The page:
When you’re six years old, a week is a LIFETIME. So every Saturday morning, when Dad reached into his pocket to hand over one shiny quarter, the memory burned into my brain. Twenty-five cents doesn’t sound like much allowance today, but in 1963 it was 1/16th the cost of a small tape recorder.
I knew this math well because the magical recorder had caught my full attention. It was the size of a crackerjack box and the color of those peanut butter taffies you’d get on Halloween. Its sleek, curved corners framed two reels that threaded tape through an elaborate mechanism. Mysterious buttons and dials screamed to be pressed and turned. I was enraptured. My little heart was beating faster than that time I beat the third grader to the foul ball at the Little League field.
There it sat… just 12 inches away, inside a display case in the gas station. I could get within six inches when I squished my nose against the glass. It was beautiful! But its enormous $4.00 price tag mocked my tiny allowance.
I begged and whined and cajoled Dad through all his “NO’s!” until that vein in his neck started to throb. Forced to retreat from the danger zone, I reluctantly embraced Plan B… I’d have to save my allowance for 16 weeks. SIXTEEN!
A third of an entire year!
Luckily I hadn’t yet learned how to calculate percentages or I’d have realized 16 weeks was 5% of my entire lifetime! There was no way I was going to make this plan work.
The only thing I had going for me was one shiny quarter. I’d received it that morning and by sheer luck, had not yet spent it on candy. I reached into my pocket, squeezed it tight and did the math. Fifteen weeks.
Life passed normally when I wasn’t thinking about that tape recorder. I went to school. I fought with my brother. I watched cartoons. Cartoons! It’s Saturday morning! Allowance day!
I’d collect my quarter, retreat to my bedroom and solemnly stack it on top of my other quarters. Then I’d squeeze it. Run my fingers around the edge. Hold the entire stack. Count them one by one. Do the new math.
Fourteen weeks… 13 weeks… 12 weeks…
Then I’d beg Mom & Dad to go grocery shopping because the grocery store was across the street from that gas station with the tape recorder.
On some Saturdays, Dad would fill the station wagon with gas which meant I could eye my prize. Hooray! It’s still there!
Some Saturdays he didn’t need fuel, so I’d silently bear the pain of standing just 100 feet away from my goal, lamenting the powerlessness of six-year-olds.
11 weeks… 10 weeks… 9 weeks… 8 weeks…
I was the richest kid on my block now. Nobody had 8 quarters. Two whole dollars! I could buy anything! Except that tape recorder.
Seven weeks… 6 weeks… 5 weeks… 4 weeks…
This had gone on forever. A blond hair had fallen out of my little towhead and I scrutinized it, seriously considering whether it had turned gray. I had 12 quarters. Three whole dollars. If I put them all in one pocket it was heavier than the rabbit’s foot, two agates and miniature Super Ball in my other pocket. I was a dollaraire!
Three weeks… two weeks… one week…
Surviving those last seven days was the hardest thing I’d ever done in my entire life. Granted, it was only a six-year life, but it made weeding the entire back yard feel like child’s play. Not exactly play, but you get the idea.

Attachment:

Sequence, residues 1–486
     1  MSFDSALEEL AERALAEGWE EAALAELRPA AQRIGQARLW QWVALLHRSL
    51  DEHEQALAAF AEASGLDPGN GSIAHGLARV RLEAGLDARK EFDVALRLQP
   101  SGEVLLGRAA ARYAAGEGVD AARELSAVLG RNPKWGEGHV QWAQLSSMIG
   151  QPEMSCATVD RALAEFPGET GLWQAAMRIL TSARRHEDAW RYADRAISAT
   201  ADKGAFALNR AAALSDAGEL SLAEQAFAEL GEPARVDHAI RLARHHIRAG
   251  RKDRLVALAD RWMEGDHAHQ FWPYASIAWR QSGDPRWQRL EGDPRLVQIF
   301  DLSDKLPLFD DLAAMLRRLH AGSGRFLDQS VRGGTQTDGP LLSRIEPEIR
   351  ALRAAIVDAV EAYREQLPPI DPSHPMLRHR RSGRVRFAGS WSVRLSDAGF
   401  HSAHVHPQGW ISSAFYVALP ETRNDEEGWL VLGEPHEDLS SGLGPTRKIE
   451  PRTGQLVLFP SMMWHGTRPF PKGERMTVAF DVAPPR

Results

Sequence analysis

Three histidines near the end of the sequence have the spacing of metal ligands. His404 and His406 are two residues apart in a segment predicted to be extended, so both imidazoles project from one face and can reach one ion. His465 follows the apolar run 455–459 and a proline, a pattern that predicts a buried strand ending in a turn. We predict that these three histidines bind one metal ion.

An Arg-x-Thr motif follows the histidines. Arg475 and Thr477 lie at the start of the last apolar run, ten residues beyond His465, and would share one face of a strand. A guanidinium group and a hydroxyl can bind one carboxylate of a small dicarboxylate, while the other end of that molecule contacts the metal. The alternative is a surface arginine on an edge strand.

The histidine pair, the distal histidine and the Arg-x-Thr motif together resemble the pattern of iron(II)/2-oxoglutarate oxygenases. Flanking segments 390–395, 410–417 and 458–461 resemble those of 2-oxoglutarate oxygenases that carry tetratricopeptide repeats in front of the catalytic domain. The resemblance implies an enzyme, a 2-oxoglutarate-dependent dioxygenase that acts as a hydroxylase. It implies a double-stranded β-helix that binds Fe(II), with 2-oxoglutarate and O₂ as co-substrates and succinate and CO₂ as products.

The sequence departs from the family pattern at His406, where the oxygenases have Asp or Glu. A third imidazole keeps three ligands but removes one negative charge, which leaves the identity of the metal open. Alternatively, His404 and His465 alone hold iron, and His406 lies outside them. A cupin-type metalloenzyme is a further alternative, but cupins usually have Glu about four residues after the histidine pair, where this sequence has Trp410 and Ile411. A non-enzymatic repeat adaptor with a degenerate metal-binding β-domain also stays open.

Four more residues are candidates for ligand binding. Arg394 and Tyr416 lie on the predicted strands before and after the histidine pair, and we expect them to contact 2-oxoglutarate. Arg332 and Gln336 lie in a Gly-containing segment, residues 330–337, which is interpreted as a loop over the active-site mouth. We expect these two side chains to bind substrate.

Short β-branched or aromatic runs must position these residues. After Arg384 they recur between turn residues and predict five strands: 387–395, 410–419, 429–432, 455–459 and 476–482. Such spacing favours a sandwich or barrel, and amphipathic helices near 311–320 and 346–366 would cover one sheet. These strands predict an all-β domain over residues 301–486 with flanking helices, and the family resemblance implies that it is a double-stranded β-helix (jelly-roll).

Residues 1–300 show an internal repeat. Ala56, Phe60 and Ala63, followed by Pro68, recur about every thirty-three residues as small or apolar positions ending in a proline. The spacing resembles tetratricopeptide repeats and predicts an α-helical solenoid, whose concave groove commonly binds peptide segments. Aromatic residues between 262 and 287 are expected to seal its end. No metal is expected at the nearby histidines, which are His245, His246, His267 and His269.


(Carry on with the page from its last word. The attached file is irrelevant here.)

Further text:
By now my parents were in on my quest. At unexpected times, Mom would ask to see my quarters. She’d fondle them like pirates’ treasure and ooh and aah. Dad would spring math tests on me without notice. “How many weeks left now, Fella?”
Saturday morning finally arrived. The SIXTEENTH Saturday. Dad handed over the quarter. We all climbed in the car. Two people walked into the gas station and one ran. I gripped a fistful of quarters. My face plastered against the case.
Impossibly, my tape recorder was gone.
It had been sold and discontinued. In its place was a different model. The price tag on the replacement said $6.75.
I dropped to my butt right there on the floor, stunned.
Eleven more weeks.
I wish I could tell you that my parents had secretly bought the last recorder to surprise me.
I wish I could tell you that my parents made up the $2.75 difference so I could buy the pricier tape recorder that day.
I wish I could tell you that I still have that tape recorder sitting on my desk to remind me that self-discipline and extreme focus leads to fulfilling your most compelling dreams.
But I can’t.
What I have sitting on my desk is 16 quarters.
I count them and stack them all the time.
They remind me that there was a time when I had NO quarters.
They remind me that self-discipline and extreme focus doesn’t prevent adversity.
And they remind me that when the universe doesn’t give me what I want, it only means that something better is coming instead.
Four weeks after the tape recorder disaster, I awoke to the sound of a puppy squealing. Mom had asked a lady who was selling toy poodles to bring one by for a look.
It was just a tiny, black spit of a thing, dancing on hind legs inside a big cardboard box. Of course Mom and us boys wanted it immediately. But it was purebred and enormously expensive.
Mom had talked the lady into a $20 discount. That left a price of $105. Mom only had $100.She looked at me. I looked at her.
When my little hands dumped those quarters on the table, everyone in the room squealed like that puppy. “Fi-Fi” joined our family that day and lived for a dozen love-filled years.
It turns out that I only wanted that tape recorder. But the universe knew I needed that puppy. That dog gave me a brain full of fully recorded, unforgettable memories instead.
That’s why I keep 16 quarters on my desk.
Mike Johnson made the journey from jobs to freelance writer to entrepreneur to passive income and early retirement. Now he teaches people how to skip right to passive income and early retirement at WorldsBestWriter.com .
Once I learned how to BUY passive income, I stopped chasing the bucks and the bucks started chasing me!